This relates the circle to a problem in the calculus of variations, namely the isoperimetric inequality.This equation, known as the Equation of the Circle, follows from the Pythagorean theorem applied to any point on the circle: as shown in the adjacent diagram, the radius is the hypotenuse of a right-angled triangle whose other sides are of length |x − a| and |y − b|.The bounding line is called its circumference and the point, its centre.
A circle may also be defined as a special kind of ellipse in which the two foci are coincident and the eccentricity is 0, or the two-dimensional shape enclosing the most area per unit perimeter squared, using calculus of variations.
A circle is a plane figure bounded by one line, and such that all right lines drawn from a certain point within it to the bounding line, are equal.
A circle is a simple closed curve which divides the plane into two regions: an interior and an exterior.
In everyday use, the term "circle" may be used interchangeably to refer to either the boundary of the figure, or to the whole figure including its interior; in strict technical usage, the circle is only the boundary and the whole figure is called a disc.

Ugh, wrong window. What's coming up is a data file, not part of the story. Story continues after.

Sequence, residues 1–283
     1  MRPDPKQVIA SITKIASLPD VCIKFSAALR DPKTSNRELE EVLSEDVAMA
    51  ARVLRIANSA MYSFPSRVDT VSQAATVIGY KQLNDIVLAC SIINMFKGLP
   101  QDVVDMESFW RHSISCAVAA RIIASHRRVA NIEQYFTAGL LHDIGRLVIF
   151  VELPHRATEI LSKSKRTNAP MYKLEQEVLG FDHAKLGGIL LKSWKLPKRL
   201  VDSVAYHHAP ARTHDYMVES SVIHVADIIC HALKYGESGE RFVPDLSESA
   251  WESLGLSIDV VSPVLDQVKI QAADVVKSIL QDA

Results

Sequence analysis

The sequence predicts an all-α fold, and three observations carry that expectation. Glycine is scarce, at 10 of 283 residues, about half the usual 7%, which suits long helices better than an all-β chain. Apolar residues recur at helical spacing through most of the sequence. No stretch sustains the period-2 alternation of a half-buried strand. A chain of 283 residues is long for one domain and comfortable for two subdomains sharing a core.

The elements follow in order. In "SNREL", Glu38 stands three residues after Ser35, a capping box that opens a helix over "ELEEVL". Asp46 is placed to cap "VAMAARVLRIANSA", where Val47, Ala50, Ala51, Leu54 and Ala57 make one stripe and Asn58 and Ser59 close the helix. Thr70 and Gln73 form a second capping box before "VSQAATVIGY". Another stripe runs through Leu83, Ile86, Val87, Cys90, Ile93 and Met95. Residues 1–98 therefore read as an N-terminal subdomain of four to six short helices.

Angles inscribed on the arc (brown) are supplementary.
In particular, every inscribed angle that subtends a diameter is a right angle (since the central angle is 180 degrees).
Since the diameter is twice the radius, the "missing" part of the diameter is (. There are many compass-and-straightedge constructions resulting in circles.
The simplest and most basic is the construction given the centre of the circle and a point on the circle.
In polar coordinates the equation of a circle is: is the distance from the origin to the centre of the circle, and φ is the anticlockwise angle from the positive x-axis to the line connecting the origin to the centre of the circle). r An inscribed angle (examples are the blue and green angles in the figure) is exactly half the corresponding central angle (red).
Hence, all inscribed angles that subtend the same arc (pink) are equal.
In homogeneous coordinates each conic section with the equation of a circle has the form It can be proven that a conic section is a circle exactly when it contains (when extended to the complex projective plane) the points I(1: i: 0) and J(1: −i: 0).